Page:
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Hal Barron (GSK via YouTube)

GSK R&D chief Hal Bar­ron jumps ship to run a $3B biotech start­up, Tony Wood tapped to re­place him

In a stunning switch, GlaxoSmithKline put out word early Wednesday that R&D chief Hal Barron is exiting the company after 4 years — a relatively brief run for the man chosen by CEO Emma Walmsley in late 2017 to turn around the slow-footed pharma giant.

Barron is being replaced by Tony Wood, a close associate of Barron’s who’s taking one of the top jobs in Big Pharma R&D. He’ll be closer to home, though, for GSK. Barron has been running a UK and Philadelphia-based research organization from his perch in San Francisco.

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Mer­ck wins le­gal bat­tle over in­sur­ance cov­er­age af­ter ran­somware at­tack

Merck has emerged victorious from a years-long legal battle with insurers over the coverage of more than a billion dollars in losses from the malware NotPetya, with a New Jersey Superior Court judge concluding that the responsibility is on insurers to clarify their policies around cyber attacks.

The pharma giant was one of several victims of a global cyber attack back in 2017 that also hit Danish shipping company Maersk, American food company Mondelēz, French construction giant Saint-Gobain and even the systems monitoring the Chernobyl nuclear power stations, Bloomberg reported back in 2019.

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Crit­ics push back on Alzheimer’s As­so­ci­a­tion ad blitz to get Medicare to change its Aduhelm rul­ing: 'Dead wrong'

The latest Alzheimer’s Association advertising campaign encourages people to fight.

Not against the disease or for more research or treatments, but against the Centers for Medicare and Medicaid Services. More specifically, CMS’ recent reimbursement decision to only pay for Biogen and Eisai’s controversial Alzheimer’s drug Aduhelm for patients in clinical trials.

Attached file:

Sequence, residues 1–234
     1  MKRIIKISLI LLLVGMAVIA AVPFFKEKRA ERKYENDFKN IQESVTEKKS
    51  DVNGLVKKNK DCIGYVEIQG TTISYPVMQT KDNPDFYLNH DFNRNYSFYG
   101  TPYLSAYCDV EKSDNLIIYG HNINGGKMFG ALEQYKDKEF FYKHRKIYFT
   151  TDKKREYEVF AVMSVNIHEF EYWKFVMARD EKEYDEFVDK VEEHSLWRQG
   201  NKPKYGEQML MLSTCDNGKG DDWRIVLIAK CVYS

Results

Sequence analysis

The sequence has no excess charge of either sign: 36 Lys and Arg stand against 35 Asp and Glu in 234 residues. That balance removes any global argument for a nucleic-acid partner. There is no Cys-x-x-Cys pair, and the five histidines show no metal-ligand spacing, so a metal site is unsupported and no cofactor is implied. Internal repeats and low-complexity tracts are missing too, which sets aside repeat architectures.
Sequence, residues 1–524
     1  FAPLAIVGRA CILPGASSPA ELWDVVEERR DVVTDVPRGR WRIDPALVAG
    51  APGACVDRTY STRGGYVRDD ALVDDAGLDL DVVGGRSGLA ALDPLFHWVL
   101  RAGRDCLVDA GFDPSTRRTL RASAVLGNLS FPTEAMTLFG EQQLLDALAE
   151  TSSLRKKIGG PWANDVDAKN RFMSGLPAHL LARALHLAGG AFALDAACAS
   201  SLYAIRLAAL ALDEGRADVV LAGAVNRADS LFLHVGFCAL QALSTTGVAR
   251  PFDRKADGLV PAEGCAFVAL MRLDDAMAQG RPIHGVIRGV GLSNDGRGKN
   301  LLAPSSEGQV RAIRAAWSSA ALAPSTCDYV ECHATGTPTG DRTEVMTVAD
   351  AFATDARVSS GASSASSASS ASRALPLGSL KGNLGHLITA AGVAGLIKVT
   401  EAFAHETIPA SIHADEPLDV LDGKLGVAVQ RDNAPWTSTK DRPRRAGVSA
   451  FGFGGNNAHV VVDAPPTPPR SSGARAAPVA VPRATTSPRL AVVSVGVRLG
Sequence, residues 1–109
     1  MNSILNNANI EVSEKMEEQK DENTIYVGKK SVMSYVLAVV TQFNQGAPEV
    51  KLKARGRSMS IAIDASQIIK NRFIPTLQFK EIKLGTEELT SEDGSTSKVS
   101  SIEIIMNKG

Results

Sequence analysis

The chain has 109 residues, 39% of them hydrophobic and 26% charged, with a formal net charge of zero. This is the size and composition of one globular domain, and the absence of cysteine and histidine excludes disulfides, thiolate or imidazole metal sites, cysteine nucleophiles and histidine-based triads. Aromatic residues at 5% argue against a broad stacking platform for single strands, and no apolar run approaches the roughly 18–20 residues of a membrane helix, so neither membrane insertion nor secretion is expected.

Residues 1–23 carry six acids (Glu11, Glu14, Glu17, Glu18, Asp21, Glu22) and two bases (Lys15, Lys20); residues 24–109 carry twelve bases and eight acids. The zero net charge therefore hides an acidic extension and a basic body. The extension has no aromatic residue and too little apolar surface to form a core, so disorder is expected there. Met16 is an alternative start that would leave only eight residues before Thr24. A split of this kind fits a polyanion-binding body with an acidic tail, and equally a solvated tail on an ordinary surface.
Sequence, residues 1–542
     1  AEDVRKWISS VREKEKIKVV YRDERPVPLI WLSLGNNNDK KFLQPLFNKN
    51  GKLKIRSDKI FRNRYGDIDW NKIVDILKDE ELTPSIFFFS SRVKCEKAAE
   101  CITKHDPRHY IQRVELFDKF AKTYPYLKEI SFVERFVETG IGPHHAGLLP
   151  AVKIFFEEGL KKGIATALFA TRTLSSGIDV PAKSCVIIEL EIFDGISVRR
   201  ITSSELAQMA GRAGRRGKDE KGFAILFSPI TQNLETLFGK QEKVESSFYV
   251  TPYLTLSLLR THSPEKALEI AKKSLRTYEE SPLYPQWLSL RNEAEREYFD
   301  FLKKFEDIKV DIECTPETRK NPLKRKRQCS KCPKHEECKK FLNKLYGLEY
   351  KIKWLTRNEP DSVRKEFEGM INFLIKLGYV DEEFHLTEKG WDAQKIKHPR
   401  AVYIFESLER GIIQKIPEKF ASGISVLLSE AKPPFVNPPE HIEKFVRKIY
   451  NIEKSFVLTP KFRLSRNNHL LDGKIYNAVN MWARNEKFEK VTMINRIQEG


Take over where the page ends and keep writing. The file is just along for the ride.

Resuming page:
With CMS’ preliminary decision now in a 30-day comment period, patient advocates’ goal is to convince CMS to reverse its decision with a marketing blitz and public pressure.

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Dan O'Day, Gilead CEO (Jim Watson/AFP via Getty Images)

Fail­ing to con­firm clin­i­cal ben­e­fit, Gilead pulls 2 ac­cel­er­at­ed ap­proval in­di­ca­tions for can­cer drug

Gilead recently decided to pull two indications for its cancer drug Zydelig — in relapsed follicular B-cell non-Hodgkin lymphoma (FL) and relapsed small lymphocytic leukemia (SLL) — after failing to complete the confirmatory trials required as part of the accelerated approvals from 2014.

“As the treatment landscape for FL and SLL has evolved, enrollment into the confirmatory study has been an ongoing challenge,” Gilead said in a statement, noting it formally notified the FDA of its decision to voluntarily withdraw these indications.

Hal Barron, Endpoints UKBIO20 (Jeff Rumans)

'Al­tos was re­al­ly a once-in-a-life­time op­por­tu­ni­ty': Hal Bar­ron re­flects on his big move

By all accounts, Hal Barron had one of the best jobs in Big Pharma R&D. He made more than $11 million in 2020, once again reaping more than his boss, Emma Walmsley, who always championed him at every opportunity. And he oversaw a global R&D effort that struck a variety of big-dollar deals for oncology, neurodegeneration and more.

Sure, the critics never let up about what they saw as a rather uninspiring late-stage pipeline, where the rubber hits the road in the Big Pharma world’s hunt for the next big near-term blockbuster, but the in-house reviews were stellar. And Barron was firmly focused on bringing up the success rate in clinical trials, holding out for the big rewards of moving the dial from an average 10% success rate to 20%.

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Executive Director of the EMA Emer Cooke (AP Photo/Geert Vanden Wijngaert)

Eu­ro­pean Par­lia­ment signs off on strength­en­ing drug reg­u­la­tor's abil­i­ty to tack­le short­ages

The European Parliament on Thursday endorsed a plan to increase the powers of the European Medicines Agency, which will be better equipped to monitor and mitigate shortages of drugs and medical devices.

By a vote of 655 to 31, parliament signed off on a provisional agreement reached with the European Council from last October, in which the EMA will create two shortage steering groups (one for drugs, the other for devices), a new European Shortages Monitoring Platform to facilitate data collection and increase transparency, and on funding for the work of the steering groups, task force, working parties and expert panels that are to be established.

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FDA+ roundup: FDA's neu­ro­science deputy de­parts amid on­go­ing Aduhelm in­ves­ti­ga­tions; Califf on the ropes?

Amid increased scrutiny into the close ties between FDA and Biogen prior to the controversial accelerated approval of Aduhelm, the deputy director of the FDA’s office of neuroscience has called it quits after more than two decades at the agency.

Eric Bastings will now take over as VP of development strategy at Ionis Pharmaceuticals, the company said Wednesday, where he will provide senior clinical and regulatory leadership in support of Ionis’ pipeline.